how does refusal to consent to a search give rise to or contribute to reasonable suspicion or probable cause?

i suppose a fella with a car that contains something that will get him in trouble might say he didnt want them to look inside because of it.

i didnt get to see what samuel said because it was removed (for being off topic, or incorrect?) so quite a bit of this thread doesnt make sense anymore.

off to look around elsewhere

Hunt480
January 12, 2011, 09:29 PM
Im always respectful and say "yes sir & no sir" and everything seems to work out and I'm on my way but I would probably say no sir to a search even though I got nothing to hide. No offense to anybody here but there are probably some cops that will find what they want if they want you bad enough. Sorta like pulling you over for that tail light that seems to be working fine now or that that obscured tag thats been in the same place 20 years or the classic I saw you weave across the centerline a ways back.

NavyLCDR
January 12, 2011, 09:30 PM
am i missing something here? are you quoting from another thread?

Yes, you are missing a lot. Samuel79 ran away and he deleted all his B.S. posts.

avs11054
January 12, 2011, 09:33 PM
Another thing from reading this thread, I ask for consent for whether I need it or not. As someone stated above, if for some reason some of my evidence would have been found unlawfully, but I was granted consent, the evidence won't be suppressed. If I have no PC, I still ask for consent to search the car. There are plenty of people who either think you'll do a half <deleted> search of their person or their vehicle and you won't find whatever illegal item they might have in their possession.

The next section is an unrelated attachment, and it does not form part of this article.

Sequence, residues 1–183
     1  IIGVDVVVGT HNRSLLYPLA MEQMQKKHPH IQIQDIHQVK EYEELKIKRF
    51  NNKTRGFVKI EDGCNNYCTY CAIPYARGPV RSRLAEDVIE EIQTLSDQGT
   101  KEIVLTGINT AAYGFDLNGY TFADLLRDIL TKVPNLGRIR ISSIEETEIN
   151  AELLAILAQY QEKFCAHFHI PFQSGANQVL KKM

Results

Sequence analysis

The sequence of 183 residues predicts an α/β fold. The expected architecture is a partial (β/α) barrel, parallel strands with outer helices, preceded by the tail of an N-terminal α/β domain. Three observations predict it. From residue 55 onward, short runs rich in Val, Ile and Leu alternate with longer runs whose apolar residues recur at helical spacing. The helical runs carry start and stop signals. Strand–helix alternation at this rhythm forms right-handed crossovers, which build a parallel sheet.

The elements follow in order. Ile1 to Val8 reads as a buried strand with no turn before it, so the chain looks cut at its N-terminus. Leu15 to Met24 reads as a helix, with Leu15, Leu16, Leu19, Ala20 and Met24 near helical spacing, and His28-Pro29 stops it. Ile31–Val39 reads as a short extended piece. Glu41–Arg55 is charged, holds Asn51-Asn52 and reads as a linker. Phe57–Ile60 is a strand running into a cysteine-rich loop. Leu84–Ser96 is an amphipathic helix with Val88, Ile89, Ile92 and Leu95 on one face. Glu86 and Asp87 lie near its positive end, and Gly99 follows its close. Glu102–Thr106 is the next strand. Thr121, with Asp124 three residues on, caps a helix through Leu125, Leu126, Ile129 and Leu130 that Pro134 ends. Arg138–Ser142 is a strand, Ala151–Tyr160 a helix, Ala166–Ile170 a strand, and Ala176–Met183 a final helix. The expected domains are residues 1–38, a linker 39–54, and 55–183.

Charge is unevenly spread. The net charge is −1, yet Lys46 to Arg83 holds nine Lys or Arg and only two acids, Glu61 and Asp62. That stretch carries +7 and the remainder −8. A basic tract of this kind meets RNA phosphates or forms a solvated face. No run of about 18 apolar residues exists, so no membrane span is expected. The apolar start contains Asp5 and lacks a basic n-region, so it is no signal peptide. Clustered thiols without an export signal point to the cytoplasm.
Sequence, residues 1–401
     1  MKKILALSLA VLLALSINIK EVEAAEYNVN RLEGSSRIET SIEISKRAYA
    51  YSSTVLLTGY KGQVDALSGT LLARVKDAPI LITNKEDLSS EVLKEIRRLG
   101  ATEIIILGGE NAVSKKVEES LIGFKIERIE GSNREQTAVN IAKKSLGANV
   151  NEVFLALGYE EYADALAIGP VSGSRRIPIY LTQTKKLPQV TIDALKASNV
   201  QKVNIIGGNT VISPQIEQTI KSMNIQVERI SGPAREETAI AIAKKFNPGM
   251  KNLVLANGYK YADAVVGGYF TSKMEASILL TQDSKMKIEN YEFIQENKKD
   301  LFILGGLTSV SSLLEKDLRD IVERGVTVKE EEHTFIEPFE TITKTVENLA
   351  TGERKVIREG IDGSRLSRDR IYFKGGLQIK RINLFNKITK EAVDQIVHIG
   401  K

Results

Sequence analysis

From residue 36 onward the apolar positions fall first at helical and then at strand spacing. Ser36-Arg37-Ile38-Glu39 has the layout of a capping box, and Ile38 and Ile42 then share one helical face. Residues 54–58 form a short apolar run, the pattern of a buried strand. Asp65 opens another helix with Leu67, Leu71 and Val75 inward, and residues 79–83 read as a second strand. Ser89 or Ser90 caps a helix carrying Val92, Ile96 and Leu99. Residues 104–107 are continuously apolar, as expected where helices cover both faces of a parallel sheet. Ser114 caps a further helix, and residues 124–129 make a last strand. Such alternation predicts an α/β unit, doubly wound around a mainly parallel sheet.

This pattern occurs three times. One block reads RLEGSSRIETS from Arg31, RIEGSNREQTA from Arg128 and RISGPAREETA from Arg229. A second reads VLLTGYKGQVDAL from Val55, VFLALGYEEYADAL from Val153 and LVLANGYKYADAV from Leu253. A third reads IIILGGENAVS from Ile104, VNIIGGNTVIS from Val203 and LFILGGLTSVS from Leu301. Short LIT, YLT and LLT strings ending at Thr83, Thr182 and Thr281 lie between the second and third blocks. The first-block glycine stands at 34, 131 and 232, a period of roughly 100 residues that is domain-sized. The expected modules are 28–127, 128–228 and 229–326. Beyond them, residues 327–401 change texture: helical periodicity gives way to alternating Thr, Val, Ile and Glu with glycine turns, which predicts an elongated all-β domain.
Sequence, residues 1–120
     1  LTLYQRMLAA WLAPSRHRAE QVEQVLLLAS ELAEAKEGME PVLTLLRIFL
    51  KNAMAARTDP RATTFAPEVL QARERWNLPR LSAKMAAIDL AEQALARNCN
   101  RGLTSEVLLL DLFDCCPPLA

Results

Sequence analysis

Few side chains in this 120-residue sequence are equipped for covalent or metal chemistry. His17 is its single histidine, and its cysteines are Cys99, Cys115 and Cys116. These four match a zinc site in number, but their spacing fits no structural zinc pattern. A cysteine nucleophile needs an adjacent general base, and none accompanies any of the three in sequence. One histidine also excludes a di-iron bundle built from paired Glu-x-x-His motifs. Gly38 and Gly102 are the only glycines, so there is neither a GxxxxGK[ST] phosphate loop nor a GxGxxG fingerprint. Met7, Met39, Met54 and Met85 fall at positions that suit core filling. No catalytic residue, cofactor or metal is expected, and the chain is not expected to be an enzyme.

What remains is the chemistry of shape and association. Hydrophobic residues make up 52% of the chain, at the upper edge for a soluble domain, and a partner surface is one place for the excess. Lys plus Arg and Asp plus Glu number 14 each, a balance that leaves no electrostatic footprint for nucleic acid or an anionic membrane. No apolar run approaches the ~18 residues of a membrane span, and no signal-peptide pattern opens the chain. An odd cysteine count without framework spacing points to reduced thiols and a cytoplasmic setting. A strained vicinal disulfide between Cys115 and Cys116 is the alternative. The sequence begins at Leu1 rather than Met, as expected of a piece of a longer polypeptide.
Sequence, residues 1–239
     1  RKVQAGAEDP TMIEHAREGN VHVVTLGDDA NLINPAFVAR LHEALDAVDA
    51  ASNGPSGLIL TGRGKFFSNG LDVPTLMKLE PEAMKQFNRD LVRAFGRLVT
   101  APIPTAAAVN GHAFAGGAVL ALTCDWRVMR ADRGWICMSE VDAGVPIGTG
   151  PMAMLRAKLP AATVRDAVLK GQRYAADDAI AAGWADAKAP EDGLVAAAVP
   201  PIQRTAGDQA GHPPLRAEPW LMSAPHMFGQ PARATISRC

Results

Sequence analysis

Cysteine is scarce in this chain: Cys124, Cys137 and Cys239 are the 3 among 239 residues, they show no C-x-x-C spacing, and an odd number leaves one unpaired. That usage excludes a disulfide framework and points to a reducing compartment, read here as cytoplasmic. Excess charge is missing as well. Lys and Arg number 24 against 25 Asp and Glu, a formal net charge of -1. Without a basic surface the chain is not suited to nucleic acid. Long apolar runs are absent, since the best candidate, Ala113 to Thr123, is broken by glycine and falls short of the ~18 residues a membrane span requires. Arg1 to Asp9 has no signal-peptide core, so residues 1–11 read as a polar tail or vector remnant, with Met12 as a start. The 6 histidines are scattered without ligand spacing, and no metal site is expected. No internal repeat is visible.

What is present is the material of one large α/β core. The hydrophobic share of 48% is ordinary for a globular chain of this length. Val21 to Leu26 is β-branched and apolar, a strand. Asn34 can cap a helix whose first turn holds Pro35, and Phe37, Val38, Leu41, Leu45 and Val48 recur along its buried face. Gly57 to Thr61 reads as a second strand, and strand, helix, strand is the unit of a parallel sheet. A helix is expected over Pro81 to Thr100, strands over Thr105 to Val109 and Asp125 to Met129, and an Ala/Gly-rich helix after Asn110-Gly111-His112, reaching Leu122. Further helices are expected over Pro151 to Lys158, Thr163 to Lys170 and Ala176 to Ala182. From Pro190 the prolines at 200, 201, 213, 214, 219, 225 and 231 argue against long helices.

There are people (judges) who may contend that the mere presence of a badge and gun cause the consent to be coerced, however, that's not for me to decide. If I politely ask someone to search their person or vehicle, and they say yes, that is consent. There are ways to articulate that it was not coerced.

NavyLCDR
January 12, 2011, 09:39 PM
Also, when frisking for weapons, weather it be in the car or on someone's person, any other contraband found can be used against the individual, and the person can be arrested for it. This is based on Minnesota Vs Dickerson in which a Dickerson was frisked for weapons. The officer felt a lump in Dickerson's jacket, which the officer was able to articulate was a bag of drugs, and Dickerson was arrested. The supreme court ruled the officer did not have a reason to frisk the subject, however, if the frist had been lawful, if the officer can articulate that while they are frisking a subject for weapons, and they find contraband, the subject can be arrested.

I would suggest you read Minnesota v. Dickerson again:

http://scholar.google.com/scholar_case?case=7218526854673273191&q=minnesota+v.+dickerson&hl=en&as_sdt=2,48&as_vis=1

Before trial, respondent moved to suppress the cocaine. The trial court first concluded that the officers were justified under Terry v. Ohio, 392 U. S. 1 (1968), in stopping respondent to investigate whether he might be engaged in criminal activity. The court further found that the officers were justified in frisking respondent to ensure that he was not carrying a weapon.

On appeal, the Minnesota Court of Appeals reversed. The court agreed with the trial court that the investigative stop and protective patdown search of respondent were lawful under Terry because the officers had a reasonable belief based on specific and articulable facts that respondent was engaged in criminal behavior and that he might be armed and dangerous.

The Minnesota Supreme Court affirmed. Like the Court of Appeals, the State Supreme Court held that both the stop and the frisk of respondent were valid under Terry, but found the seizure of the cocaine to be unconstitutional.

It remains to apply these principles to the facts of this case. Respondent has not challenged the finding made by the trial court and affirmed by both the Court of Appeals and the State Supreme Court that the police were justified under Terry in stopping him and frisking him for weapons.

It is expressed over and over again in Minnesota v. Dickerson that the stop and the frisk were justified and lawful. Please show us where that is not the case?

TexasRifleman